The last time Eric Berry returned to his hometown of Atlanta during the season, it had nothing to do with football. The Kansas City Chiefs safety had just received his cancer diagnosis, and returned home to begin chemotherapy near his family.
That makes Berry’s historic performance Sunday afternoon all the more meaningful, and all the more emotional in the wake of his team’s 29-28 victory over the Atlanta Falcons.
“I shed a few tears before the game, I shed a few during the game, and I shed a few after,” Berry said. “I think I held it together pretty good, but it was a lot of emotions, so I just tried to contain them and let it show through my plays.”
Berry returned an interception for a touchdown just before halftime to give his team the lead. But his interception on an attempted two-point conversion and return for a defensive two-point score snatched victory from the jaws of defeat for the Chiefs, who simply keep finding new ways to win.
“Eric found a way at the end to seal the deal,” coach Andy Reid said.
The NFL implemented the rule allowing defenses to score two points on extra point attempts in 2015. Berry’s score marked the first time a defensive player scored a two-point conversion on an intercepted pass. The three previous defensive scores on conversion tries resulted from blocked kicks.
Following his 37-yard interception return for a touchdown in the first half, Berry headed toward the stands to hand his mother the ball and exchanged a kiss.
“I made my mind up before the game that I was going to give her the ball when I got it,” Berry said. “But I try to give her whatever. It won’t amount to the things she has given me, and my dad as well.”
The moment brought flashbacks for Berry back to a time when he wondered if he would ever play in the NFL again.
“There were so many nights that I would cry on their shoulder, trying to make sense of everything that was going on,” Berry said, “and they just kept telling to keep pressing on and that I would be back to play the game the way I want to play the game. “
Quarterback Alex Smith called Berry the team’s heart and soul.
“That’s selflessness, hard work, giving it up for the guy next to you,” Smith said. “That’s all Eric talks about and it’s real, it’s sincere, there is no phoniness about it, and it’s from the heart.
Berry wasn’t the only Chiefs player celebrating a homecoming in the Georgia Dome Sunday. Nearly a dozen Chiefs attended college or grew up in Georgia.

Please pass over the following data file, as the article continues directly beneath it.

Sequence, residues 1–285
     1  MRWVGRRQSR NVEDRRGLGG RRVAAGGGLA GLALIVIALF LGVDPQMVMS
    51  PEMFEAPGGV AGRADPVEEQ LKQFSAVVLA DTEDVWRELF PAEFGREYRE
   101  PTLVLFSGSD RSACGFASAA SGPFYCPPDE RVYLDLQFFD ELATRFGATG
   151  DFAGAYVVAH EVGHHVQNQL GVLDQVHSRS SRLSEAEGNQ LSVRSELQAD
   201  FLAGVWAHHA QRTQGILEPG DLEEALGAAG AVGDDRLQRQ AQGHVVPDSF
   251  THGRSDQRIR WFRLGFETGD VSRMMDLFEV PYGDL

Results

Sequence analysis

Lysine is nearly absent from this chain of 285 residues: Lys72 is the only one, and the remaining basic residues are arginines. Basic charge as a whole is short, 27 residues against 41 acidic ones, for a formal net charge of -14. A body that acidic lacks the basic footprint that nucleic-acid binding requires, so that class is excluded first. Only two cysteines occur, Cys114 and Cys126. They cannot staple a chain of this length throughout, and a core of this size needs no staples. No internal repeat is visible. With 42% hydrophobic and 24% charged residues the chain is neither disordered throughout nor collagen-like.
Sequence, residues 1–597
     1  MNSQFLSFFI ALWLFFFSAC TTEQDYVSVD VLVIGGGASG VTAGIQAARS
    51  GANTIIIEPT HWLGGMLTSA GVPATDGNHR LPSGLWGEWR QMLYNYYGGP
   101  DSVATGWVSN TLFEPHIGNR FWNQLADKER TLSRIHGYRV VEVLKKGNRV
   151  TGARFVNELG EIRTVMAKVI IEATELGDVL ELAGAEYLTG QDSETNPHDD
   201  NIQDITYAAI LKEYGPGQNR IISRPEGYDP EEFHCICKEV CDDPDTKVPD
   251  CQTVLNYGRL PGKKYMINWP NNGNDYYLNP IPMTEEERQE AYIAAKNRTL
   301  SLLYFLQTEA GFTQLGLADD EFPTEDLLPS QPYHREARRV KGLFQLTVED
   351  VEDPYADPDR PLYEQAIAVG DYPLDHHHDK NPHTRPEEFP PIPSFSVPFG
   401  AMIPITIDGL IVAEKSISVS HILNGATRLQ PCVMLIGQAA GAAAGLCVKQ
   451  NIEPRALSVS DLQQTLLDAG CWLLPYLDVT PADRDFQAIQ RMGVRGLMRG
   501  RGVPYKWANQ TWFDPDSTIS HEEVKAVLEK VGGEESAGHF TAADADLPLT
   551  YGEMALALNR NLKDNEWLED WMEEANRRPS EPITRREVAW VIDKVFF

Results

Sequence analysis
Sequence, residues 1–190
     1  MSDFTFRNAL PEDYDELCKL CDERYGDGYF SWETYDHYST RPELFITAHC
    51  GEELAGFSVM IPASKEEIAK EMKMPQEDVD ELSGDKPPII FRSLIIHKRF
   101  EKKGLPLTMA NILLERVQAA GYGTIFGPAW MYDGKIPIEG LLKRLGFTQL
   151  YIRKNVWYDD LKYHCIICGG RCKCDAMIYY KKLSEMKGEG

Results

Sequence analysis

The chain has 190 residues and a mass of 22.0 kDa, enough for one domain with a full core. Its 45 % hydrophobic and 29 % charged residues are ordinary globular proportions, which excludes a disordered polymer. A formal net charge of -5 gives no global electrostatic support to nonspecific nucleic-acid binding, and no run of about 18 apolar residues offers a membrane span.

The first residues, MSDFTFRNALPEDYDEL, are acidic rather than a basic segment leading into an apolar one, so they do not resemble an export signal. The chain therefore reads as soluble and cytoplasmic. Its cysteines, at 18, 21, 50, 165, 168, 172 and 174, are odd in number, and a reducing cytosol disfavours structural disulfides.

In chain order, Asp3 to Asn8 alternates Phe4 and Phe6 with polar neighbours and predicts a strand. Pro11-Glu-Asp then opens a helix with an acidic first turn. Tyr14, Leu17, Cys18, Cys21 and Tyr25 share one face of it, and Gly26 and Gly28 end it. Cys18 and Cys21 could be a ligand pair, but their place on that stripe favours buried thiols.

Indeed, the Chiefs also relied upon another scoring rarity from a player with Georgia ties. On the opening drive of the second half, the Chiefs faced a fourth-and-1 from the Chiefs 45-yard line. The Chiefs initially appeared ready to go for it, but the Falcons called timeout.
The Chiefs lined up in punt formation following the stoppage. Instead of kicking the ball away, Albert Wilson took a direct snap from James Winchester and raced through a gap up the middle, toting the ball 55 yards for a touchdown. That marked the first run for a touchdown on fake punt since the Jacksonville Jaguars pulled off the trick in 2008.
Wilson, who attended college at Georgia State, said the Chiefs installed the fake punt play this week especially for the Falcons.
“We had it up all week and when I saw the call I had no hesitation that I was going to go with it,” Wilson said. “My guys up front did a great job like they have been doing with it all week [in practice] and we came out with a touchdown.”
Reid credited special teams coordinator Dave Toub for the gutsy call.
“The players that executed the play worked on it all week,” Reid said. “He felt it there and gave me the secret nod on it and put it on and went with it.”
The Chiefs have s short turnaround, coming home to host the Oakland Raiders Thursday night at Arrowhead Stadium.
Tight end Travis Kelce, who hauled in eight catches for a career-high 140 yards against the Falcons, said Reid stressed there’s no time to bask in the glow of another dramatic win.
“It’s a short week,” Kelce said. “Enjoy it, but you know that when we get the win on Thursday it’ll be that much better.”